Joe Maneri alto and tenor saxophones, clarinet, piano
Mat Maneri violin, electric 6-string and baritone violins, electric 5-string viola
Recorded October 1997 at Hardstudios, Winterthur
Engineer: Martin Pearson
Produced by Steve Lake
The stone gate. Vagary of an age lost to the water that swallows its knees. To listen to this record is to step through that gate, and find on the other side not ocean but a new kind of air in which water and vapor bleed like the sun’s light from the moon, the parent in the child. Many father-son teams have thus riddled the history of jazz, but between Joe and Mat Maneri one not only hears the biological bonds at play, but feels their electrical charge, and nowhere more so than on this first duo recording for ECM. Much can be made of the microtonal grammar that Maneri Senior has perfected over decades and which rests so intuitively at his fingertips, but at the end of the day it’s all about physicality and attunement. “If I play a thousand microtones, what’s that worth if the rhythm isn’t happening,” he tells us. “In some ways the rhythm is the most vital part of what we’re doing.” Listening to them emote is akin to listening to Paul Motian on the drums. Such is their fluency. Comparing them and their fashionable counterparts, however, is night and day. Which is to say, night on Earth and day on a different planet. By the same token, there is something so deeply integrated about the playing that we cannot help but look inward to find its pulse.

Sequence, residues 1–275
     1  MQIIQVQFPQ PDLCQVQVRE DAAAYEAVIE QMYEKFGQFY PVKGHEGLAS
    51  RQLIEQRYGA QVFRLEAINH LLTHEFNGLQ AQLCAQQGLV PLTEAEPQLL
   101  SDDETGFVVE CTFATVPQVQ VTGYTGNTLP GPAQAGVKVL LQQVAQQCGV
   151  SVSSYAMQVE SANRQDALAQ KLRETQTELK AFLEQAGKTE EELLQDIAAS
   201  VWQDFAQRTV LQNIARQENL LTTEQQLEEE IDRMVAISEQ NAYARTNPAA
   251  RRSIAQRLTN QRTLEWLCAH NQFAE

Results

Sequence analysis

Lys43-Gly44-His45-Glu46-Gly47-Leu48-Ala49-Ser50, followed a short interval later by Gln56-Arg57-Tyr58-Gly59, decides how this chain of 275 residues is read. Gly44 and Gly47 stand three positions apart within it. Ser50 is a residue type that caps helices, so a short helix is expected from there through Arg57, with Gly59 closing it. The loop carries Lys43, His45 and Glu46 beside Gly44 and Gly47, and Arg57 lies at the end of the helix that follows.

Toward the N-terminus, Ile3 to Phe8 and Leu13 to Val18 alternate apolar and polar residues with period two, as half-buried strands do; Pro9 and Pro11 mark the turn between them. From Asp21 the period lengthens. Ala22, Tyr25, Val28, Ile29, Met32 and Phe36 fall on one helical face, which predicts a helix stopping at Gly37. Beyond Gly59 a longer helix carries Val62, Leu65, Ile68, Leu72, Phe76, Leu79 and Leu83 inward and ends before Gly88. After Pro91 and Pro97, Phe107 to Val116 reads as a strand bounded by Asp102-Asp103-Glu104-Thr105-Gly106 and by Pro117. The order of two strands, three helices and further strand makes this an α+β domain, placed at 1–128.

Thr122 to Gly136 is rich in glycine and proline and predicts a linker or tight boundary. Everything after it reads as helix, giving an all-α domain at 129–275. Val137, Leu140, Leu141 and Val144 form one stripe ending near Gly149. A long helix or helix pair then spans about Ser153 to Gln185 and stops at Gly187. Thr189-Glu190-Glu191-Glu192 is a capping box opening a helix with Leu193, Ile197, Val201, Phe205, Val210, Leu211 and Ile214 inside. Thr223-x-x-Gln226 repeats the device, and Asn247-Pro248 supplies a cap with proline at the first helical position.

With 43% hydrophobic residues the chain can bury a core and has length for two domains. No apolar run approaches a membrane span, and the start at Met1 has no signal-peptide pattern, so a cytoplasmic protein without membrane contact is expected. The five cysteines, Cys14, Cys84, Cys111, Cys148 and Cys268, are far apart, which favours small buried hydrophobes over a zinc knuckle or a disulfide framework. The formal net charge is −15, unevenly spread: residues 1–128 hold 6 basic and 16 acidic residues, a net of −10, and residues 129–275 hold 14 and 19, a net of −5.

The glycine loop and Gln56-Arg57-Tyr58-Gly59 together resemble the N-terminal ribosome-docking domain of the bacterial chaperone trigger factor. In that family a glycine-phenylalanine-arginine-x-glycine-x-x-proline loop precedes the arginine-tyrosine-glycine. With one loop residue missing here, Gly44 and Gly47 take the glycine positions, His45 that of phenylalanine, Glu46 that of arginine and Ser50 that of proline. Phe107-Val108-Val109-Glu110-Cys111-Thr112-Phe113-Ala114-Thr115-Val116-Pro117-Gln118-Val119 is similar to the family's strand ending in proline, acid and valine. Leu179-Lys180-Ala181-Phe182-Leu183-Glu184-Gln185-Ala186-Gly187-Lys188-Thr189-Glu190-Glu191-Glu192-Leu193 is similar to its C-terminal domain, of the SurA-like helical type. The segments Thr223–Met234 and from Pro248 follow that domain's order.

And yes, we may search for the pulse, but in doing so forget that the search is itself the pulse. Its most potent strain breathes through the lungs of “There Are No Doors,” “Never Said A Mumblin’ Word,” and the title track, all three of which feature Maneri Senior at the piano. If the titles seem to be proclamations, it’s only because the Maneris practice what they preach, tracing the crevices of experience for all the grit we’ve left behind. From this they build microscopic castles and flag them with rapid eye movement. “Sixty-One Joys” is perhaps the most achingly beautiful animal Maneri Junior has ever tamed, an electric baritone violin solo that drinks pathos like honey and exhales sugar in the raw. The insectile blues “From Loosened Soil,” another thing of elemental attraction, bridges us into “Five Fantasies,” which draws on Webern’s bagatelles and ends on a light scream. “Is Nothing Near?” comes closest to an identifiable place, a place where reedmen convene to spit life in the dead of night. Waves of arco fortitude flounder in slow motion, the outtakes of a film starring cigarettes and rainwater. And what of light? For this, we turn to “Body And Soul,” an acoustic violin solo knocking at the door of a homespun dream. It is the rat in the kitchen who eyes the cheese, the teacher in the classroom who nods off mid-lesson, the child in the playground who sees a rainbow and cries, “Race You Home.” The clarinet gets a klezmer test spin in “Gardenias For Gardenis” before shifting into a Lombard Street drive in “Outside The Whole Thing.” At the end of it: a hole in the ground.
Unearthed is what this music is, like a gold nugget or gemstone—only these two mavericks are not interested in priceless rarities but rather take exquisite interest in the sifted dirt. When watered by the gifts of these performances, the dirt burgeons with syllables. They may not be of a language we can all produce on command, but it is one we can always translate.